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To his brother Horace, aged fourteen.

London, Jan. 20, 1839.
dear Horace,,—I have now before me your letter of Oct. 15. It is quite short; but has pleased me, because it is correctly written; and I have read it over and over several times. It will be well to accustom yourself to habits of composition, as, in this way, you will learn to write with facility and correctness. I need not enlarge to a boy of your age and disposition on the vast importance of this accomplishment. One of my highest pleasures on my return to Boston will consist in finding you and Mary and Julia all lovers of knowledge and truth,—all anxious to employ every moment in storing the mind, and in doing something useful. Remember, that if you lose time now you can never regain it. You will, I fear, think me a dull preacher, and will dread my letters as much as the minister's sermon; but I cannot take my pen to write any of you without, forthwith, falling into this vein. It may be irksome to you now to confine yourself to study, and to read my exhortations; but I believe, if we both live, you will thank me hereafter.

The mountains which you see in the vignette on this sheet are the far-famed ‘Grampian Hills,’ where the father of young Norval ‘fed his flocks, —a frugal swain.’ I have walked at the foot of these very mountains, and have seen the shepherds tending their sheep. To one shepherd are sometimes committed eight hundred or a thousand sheep. For miles and miles there are no fences, and the shepherd permits his flock to roam about in search of food during the day; but at night, with the assistance of a dog, calls them all together and shuts them in a fold. He takes his position on a rock or some elevated place, raises his staff and makes a signal to his dog, who is trained to this duty, and who at once scampers to the most distant sheep and drives them to the shepherd. I once walked for a mile with one of these men, while he was driving his flock before him. You suppose, I dare say, that shepherds are very fine-looking men, because they always appear so in pictures; but I hardly know a dirtier set. They are dressed in old clothes, and perhaps are smoking dirty pipes. Instead of a crook, which you see represented in pictures, they have nothing but a rough stick or staff, and they look like the laziest of human beings; for they sit or stand in the open field, or on the side of the mountain, a whole day, simply watching the motions of their flock. I have seen shepherds on the plains of Normandy, on the beautiful downs of the south of England, where are the wondrous ruins of Stonehenge, and on the hills of Scotland,—and all have been alike mean looking. All our ideas of these people have been borrowed from books, and particularly from poetry and pictures. My account may serve to disenchant you of some of your notions with regard to them.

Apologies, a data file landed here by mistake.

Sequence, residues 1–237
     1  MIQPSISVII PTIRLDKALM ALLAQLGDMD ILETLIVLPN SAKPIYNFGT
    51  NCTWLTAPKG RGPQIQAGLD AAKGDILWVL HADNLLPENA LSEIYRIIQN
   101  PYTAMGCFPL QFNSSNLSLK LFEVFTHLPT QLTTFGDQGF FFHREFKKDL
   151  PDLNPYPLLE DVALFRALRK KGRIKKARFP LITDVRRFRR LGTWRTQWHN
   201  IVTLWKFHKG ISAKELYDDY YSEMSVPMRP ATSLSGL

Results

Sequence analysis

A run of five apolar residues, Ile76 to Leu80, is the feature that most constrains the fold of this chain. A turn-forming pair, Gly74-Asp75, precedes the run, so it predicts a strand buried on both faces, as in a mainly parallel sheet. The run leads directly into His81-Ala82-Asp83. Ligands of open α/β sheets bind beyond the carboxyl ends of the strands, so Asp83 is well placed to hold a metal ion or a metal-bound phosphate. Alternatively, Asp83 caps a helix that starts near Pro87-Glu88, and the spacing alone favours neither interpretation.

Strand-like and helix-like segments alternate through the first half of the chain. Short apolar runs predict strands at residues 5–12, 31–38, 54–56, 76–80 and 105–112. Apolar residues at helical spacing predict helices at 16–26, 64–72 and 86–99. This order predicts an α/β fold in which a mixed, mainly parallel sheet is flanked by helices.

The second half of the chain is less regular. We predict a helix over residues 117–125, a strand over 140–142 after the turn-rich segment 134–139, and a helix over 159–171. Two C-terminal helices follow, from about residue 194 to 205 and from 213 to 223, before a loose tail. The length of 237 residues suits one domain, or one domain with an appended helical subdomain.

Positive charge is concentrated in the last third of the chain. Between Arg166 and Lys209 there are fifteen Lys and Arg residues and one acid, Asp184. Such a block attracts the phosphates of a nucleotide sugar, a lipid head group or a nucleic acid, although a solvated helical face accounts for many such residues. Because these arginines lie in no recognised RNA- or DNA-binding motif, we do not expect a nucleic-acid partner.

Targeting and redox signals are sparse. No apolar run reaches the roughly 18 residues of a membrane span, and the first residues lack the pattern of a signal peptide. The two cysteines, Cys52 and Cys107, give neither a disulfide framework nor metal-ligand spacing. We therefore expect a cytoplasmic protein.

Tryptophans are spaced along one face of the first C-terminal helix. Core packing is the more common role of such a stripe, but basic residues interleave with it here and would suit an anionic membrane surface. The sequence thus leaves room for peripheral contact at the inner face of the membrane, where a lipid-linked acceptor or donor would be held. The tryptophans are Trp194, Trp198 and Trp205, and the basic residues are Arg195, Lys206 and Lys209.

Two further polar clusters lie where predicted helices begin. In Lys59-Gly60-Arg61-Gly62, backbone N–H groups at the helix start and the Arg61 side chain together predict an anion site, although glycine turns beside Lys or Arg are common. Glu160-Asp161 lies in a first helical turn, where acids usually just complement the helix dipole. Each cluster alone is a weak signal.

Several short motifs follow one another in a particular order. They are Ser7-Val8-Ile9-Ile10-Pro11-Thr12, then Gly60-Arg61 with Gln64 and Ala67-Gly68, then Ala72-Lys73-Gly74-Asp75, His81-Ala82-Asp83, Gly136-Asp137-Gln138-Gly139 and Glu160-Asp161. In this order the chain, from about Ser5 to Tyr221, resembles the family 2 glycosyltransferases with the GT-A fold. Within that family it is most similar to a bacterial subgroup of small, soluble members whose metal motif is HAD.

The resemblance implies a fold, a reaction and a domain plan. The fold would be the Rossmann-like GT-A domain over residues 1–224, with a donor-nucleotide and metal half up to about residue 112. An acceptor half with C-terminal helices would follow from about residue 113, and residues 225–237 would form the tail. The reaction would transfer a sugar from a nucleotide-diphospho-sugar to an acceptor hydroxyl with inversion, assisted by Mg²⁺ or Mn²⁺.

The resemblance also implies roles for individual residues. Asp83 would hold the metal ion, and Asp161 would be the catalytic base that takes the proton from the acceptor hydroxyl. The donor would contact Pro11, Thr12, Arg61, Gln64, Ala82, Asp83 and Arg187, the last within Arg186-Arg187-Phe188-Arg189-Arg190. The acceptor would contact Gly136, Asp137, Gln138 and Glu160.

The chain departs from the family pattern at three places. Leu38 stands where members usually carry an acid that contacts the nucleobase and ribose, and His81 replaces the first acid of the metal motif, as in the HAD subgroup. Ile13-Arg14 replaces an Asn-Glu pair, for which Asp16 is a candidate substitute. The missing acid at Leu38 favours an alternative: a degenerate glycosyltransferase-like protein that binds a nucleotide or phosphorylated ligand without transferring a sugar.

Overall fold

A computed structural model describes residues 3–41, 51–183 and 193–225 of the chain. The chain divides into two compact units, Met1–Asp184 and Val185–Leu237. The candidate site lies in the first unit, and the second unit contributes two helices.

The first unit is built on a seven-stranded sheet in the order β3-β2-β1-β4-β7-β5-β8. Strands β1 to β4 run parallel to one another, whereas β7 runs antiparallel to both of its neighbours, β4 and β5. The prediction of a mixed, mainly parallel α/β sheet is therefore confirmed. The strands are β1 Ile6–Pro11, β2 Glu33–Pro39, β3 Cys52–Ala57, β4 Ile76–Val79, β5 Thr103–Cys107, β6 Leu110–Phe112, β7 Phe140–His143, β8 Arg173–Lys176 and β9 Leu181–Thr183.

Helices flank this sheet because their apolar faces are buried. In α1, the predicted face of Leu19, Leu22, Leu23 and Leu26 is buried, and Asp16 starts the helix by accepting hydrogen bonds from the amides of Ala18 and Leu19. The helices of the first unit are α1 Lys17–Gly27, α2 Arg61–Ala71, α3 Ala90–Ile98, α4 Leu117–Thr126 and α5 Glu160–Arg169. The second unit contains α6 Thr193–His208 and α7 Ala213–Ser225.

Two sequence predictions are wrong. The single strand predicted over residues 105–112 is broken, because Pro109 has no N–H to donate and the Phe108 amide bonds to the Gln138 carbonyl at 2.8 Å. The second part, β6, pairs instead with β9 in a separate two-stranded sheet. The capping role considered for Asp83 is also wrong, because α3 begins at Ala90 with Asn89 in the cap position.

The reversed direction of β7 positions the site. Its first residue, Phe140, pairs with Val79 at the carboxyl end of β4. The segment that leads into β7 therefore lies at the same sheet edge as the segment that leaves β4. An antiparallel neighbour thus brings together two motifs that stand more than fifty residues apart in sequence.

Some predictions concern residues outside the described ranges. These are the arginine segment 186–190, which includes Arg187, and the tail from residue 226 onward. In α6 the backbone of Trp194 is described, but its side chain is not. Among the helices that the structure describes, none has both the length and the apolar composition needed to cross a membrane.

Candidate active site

Jan. 27. I have only time to say good-by, my dear Horace, and to renew my exhortations to you to be good and studious. When you next write direct to the care of Draper & Co., Paris. Give my love to mother and all the family.

Ever your affectionate brother,

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